The Intelligence and National Security Alliance (INSA) will hold its 3rd annual Achievement Awards Ceremony Thursday, December 6th, at the Hyatt Regency Washington on Capitol Hill. The ceremony will honor six young professionals in the intelligence and national security sectors for their professional contribution to the community.
The ceremony’s keynote speaker will be Letitia A. Long, Director of the National Geospatial-Intelligence Agency (NGA), and the event will be held from 6 p.m. to 10 p.m., with registration closing November 29th.
WashingtonExec got a chance to chat with the award recipients as they told us about their nomination, what it means to them, their mission and more.
Today’s participant is Jessica McKeon, Department of the Treasury, recipient of the Richard J. Kerr Government Award.
WashingtonExec: Did you know you were nominated for the award, or was it a surprise?
Jessica McKeon: My office director told me about the nomination just prior to submitting it to INSA, which was a surprise in itself. When he told me about the award just a few weeks later, I was honored and taken aback. I know so many people in the community who are deserving of such an honor, including my co-workers at Treasury, who are extremely diligent and driven and have such a command of their target areas. I’m constantly learning from them and seeking their insight.
WashingtonExec: How would you describe your mission?
Jessica McKeon: Treasury’s Office of Intelligence and Analysis (OIA) has a unique mission – one that I’m proud to be a part of. OIA advances our national security by informing Treasury decisions with timely, relevant, and accurate intelligence and analysis. In this way, OIA supports Treasury efforts to stem the flow of funds to terrorist groups and disrupt weapons proliferation and other illicit networks globally.
WashingtonExec: Finish the sentence: The best part of about my job is…
Jessica McKeon: The variety of opportunities it presents! From engaging foreign partners abroad to briefing senior policymakers to producing analytical pieces on a number of topics, I am constantly challenged by new and exciting assignments. One day I’m working on a finished product and the next day I’m gearing up to travel abroad with an Assistant Secretary.
Treasury management is very encouraging and supportive of its analysts taking advantage of new opportunities to round out our professional experiences and further develop our tradecraft.The experience I gained working abroad with both interagency and foreign partners was invaluable and has made me a better analyst.”
WashingtonExec: Could you name an aspect of your job that you did not expect when you were first brought on?
Jessica McKeon: The emphasis on work/life balance. Working to inform the decisions of senior policymakers is both challenging and demanding and you always have to be prepared for the unexpected. Through all this, Assistant Secretary for Intelligence and Analysis Leslie Ireland has been an enthusiastic advocate for OIA employees to strike a balance between our professional and personal responsibilities. The opportunity to adopt an alternative work schedule (AWS) has enabled me to visit my family in Massachusetts more often, easing the difficulty of being away from them. As a new aunt, it’s fantastic for me to be able to spend more time with my growing (and adorable!) niece.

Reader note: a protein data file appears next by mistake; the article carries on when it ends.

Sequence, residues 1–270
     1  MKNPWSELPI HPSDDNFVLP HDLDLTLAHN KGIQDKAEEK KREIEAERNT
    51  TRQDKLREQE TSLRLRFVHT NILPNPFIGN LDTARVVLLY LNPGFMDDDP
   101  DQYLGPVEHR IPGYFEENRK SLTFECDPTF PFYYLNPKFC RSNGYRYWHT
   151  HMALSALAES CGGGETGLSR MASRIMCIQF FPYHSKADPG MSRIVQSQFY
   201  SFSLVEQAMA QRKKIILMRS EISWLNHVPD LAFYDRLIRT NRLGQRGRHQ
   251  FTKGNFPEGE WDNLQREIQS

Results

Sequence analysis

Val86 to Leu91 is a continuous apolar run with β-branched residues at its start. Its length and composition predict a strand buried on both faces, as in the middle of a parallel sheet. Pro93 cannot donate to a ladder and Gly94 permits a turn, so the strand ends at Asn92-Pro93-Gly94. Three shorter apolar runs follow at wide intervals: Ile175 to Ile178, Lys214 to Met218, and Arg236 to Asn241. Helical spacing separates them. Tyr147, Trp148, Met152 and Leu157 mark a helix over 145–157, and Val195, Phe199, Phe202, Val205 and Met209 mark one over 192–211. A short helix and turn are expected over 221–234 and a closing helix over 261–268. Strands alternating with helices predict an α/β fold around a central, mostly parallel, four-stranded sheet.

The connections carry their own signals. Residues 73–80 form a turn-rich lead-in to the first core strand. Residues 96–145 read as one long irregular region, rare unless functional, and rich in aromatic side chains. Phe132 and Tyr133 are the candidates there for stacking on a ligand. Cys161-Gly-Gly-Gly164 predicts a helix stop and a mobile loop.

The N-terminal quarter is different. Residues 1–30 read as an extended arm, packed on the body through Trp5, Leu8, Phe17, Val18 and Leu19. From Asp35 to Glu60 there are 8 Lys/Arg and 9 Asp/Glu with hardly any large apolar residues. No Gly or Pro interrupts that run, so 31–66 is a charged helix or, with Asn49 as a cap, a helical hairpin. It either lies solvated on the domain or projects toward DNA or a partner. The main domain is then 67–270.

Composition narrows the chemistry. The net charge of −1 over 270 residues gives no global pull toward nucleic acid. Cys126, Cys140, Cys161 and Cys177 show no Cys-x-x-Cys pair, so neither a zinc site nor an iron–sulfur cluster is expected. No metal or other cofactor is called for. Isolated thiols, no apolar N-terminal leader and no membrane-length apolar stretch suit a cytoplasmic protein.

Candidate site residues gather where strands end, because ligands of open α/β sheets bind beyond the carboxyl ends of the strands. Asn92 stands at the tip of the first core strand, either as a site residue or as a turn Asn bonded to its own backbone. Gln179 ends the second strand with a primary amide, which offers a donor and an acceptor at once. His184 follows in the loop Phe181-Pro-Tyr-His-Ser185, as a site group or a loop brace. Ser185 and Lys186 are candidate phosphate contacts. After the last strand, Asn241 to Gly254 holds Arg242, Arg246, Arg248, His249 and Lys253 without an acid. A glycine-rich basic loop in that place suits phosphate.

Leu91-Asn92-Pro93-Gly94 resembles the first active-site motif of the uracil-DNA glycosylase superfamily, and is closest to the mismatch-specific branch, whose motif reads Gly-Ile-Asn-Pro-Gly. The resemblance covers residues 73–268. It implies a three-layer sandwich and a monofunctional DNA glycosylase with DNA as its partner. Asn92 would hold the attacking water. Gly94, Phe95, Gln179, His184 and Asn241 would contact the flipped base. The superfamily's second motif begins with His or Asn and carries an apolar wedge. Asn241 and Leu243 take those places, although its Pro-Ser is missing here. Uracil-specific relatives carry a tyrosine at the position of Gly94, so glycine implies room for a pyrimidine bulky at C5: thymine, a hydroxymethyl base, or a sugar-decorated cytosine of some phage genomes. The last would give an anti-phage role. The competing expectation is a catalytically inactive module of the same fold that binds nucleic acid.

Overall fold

WashingtonExec: Who is someone you admire? or Who has been a mentor to you throughout your career?
Jessica McKeon: I endlessly admire my mother, who has always put the needs of others before her own. I would not be where I am today without her never-ending support and selflessness. She supported and fought for my educational opportunities and has always stood by my choices, even when that meant studying in Israel during the second Intifada. She still blames her first grey hair on my studying abroad there, but also attributes my professional success largely in part to that experience, which instilled in me a drive to work toward the prevention of terrorism wherever it may occur.
WashingtonExec: What is something you are most proud of, personally?
Jessica McKeon: I am proud of the professional place that I am in today. In school, I always hoped to have a career focused on national security issues. After graduating and struggling to find a job, it sometimes felt like I’d never have an opportunity to realize that goal. But in the seven years that I’ve been in Washington I’ve been fortunate to work for employers that have challenged me and given me incredible responsibilities beyond my rank in the workplace. It often occurs to me, in the middle of authoring a piece intended for senior policymakers or while briefing a Treasury official, that I have the job I always aspired to while I was in school. I consider myself to be very lucky.
WashingtonExec: What is your favorite intelligence movie or book?
Jessica McKeon: Silence of the Lambs. Young woman connects the dots to track down a serial killer, with a major creepiness factor.